The break up of the Seven Sisters oil majors in the early 1970s is a case in point. In 1972, these seven companies (Anglo-Iranian Oil Company, Gulf Oil, Royal Dutch Shell, SoCal, Esso, Socony, and Texaco) controlled 85% of global oil reserves. In 1973, several oil-producing countries nationalized their reserves, creating OPEC and prompting the oil price shock of the mid-1970s. By 2012, 65% of global oil reserves was controlled by national oil companies. The Sisters responded by consolidating. Of the original seven, only four remain; BP, Shell, Chevron, and ExxonMobil.
This history may be repeating. Since 2013 when Jim Cramer coined the acronym to represent Facebook, Amazon, Apple, Netflix, and Google, the FAANGs have come to represent the rise of another oligopoly. Although each company works within different markets, the cross-over is essentially access to and use of the internet. It has been argued that their combined market capitalization (US$7 trillion in Q1 2022) accounting for almost 20% of the S&P 500, has created another “Sisters” phenomenon.
In December 2020, the US Government filed a lawsuit against Facebook citing its dominance of social media following the acquisitions of Instagram and WhatsApp as anti-competitive. The suit proceeds and coincides with further lobbying against Facebook over its influence within the 2016 US Presidential Election.
While Facebook is stalked by Government, Netflix is laid low by competition. Apple+ and Disney+ have combined to reverse the seemingly inexorable rise in Netflix subscribers. It is thought to have lost over 2 million subscribers by the end of 2022. It is not impossible that Netflix will become a casualty of consolidation. Since the end of 2021, the company has lost two-thirds of its market capitalization.
Ecosystem Economics© reflects on the disequilibrium inherent in oligopoly by highlighting the potential for co-operation rather than competition. It argues that, in a world in which digital “Davids” have regularly slain historic “Goliaths”, disequilibrium and company failure are avoided through co-operation between the two rather than the adversarial culture which persists in the FAANGs today as much as it did the “Sisters” in the 1970s.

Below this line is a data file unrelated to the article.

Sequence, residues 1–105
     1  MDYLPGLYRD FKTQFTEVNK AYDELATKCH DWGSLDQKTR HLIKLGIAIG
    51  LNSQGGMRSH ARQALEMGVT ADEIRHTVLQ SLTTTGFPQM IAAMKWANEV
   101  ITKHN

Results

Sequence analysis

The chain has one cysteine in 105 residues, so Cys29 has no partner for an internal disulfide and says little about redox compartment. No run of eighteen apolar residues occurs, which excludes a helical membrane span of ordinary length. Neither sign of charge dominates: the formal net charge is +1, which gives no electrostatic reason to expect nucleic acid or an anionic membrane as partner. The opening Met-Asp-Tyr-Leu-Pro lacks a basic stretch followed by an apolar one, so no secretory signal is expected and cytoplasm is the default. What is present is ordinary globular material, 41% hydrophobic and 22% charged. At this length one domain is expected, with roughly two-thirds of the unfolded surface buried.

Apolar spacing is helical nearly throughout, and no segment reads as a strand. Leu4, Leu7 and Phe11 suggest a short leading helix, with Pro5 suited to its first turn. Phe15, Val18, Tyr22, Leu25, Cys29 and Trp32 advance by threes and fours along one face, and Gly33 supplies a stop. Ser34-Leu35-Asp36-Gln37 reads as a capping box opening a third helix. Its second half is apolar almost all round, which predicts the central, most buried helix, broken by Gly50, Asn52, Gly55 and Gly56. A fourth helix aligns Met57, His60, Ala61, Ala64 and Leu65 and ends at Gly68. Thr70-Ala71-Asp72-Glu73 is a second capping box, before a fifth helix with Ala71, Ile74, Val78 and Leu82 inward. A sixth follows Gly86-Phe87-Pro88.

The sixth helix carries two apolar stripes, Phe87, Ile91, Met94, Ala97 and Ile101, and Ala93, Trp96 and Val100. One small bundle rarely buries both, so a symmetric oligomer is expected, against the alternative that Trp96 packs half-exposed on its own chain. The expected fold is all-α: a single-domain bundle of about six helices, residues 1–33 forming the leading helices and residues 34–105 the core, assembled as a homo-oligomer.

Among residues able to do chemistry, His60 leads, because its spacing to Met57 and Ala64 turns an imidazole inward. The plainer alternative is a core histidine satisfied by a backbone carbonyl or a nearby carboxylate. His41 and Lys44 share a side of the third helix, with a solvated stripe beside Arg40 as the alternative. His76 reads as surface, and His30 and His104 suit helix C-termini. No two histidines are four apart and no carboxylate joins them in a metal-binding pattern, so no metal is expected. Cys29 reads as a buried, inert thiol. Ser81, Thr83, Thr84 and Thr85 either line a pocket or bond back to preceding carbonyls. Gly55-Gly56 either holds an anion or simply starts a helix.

Under Ecosystem Economics©, Facebook would have sought to invest in Instagram and WhatsApp through partnership and co-development. Elon Musk would be seeking ways of building Twitter into the Tesla offer. Netflix would be seeking partnerships with South East Asian production companies.
Astronomically, the Seven Sisters reference was drawn from the Pleiades, a group of seven women who were immortalized as stars by Zeus. These stars disappear from the Mediterranean sky around dawn in Autumn. Hesiod remarked in Works and Days that this should remind us to “work the land”. Ecosystem Economics© designs for those looking to not just work the land but share it with others to achieve that most prized of economic goals: the system-level win.
Scott Fulton is an economics graduate and a capital markets specialist. From 1988 until 2000, he worked within London’s equity capital market as an Extel rated analyst in the Building and Construction sector for, amongst others, Bank of America Merrill Lynch, Credit Suisse and ABN Amro. From 2000, Scott moved into financial public relations and investor relations (“FPR” and “IR”). He was the director responsible for IR and M&A at Financial Dynamics (now FTI), Citigate Dewe Rogerson (CDR), Just Retirement plc (now Just Group) and Asda Burson Marsteller (UAE). On returning from the Gulf in 2015, Scott re-joined investment analysis at Whitman Howard (recently sold to Panmure Gordon) before moving into Proxy Solicitation, specialising in M&A, at Equiniti plc. Through his professional career, Scott has focused on and developed skills in investor relations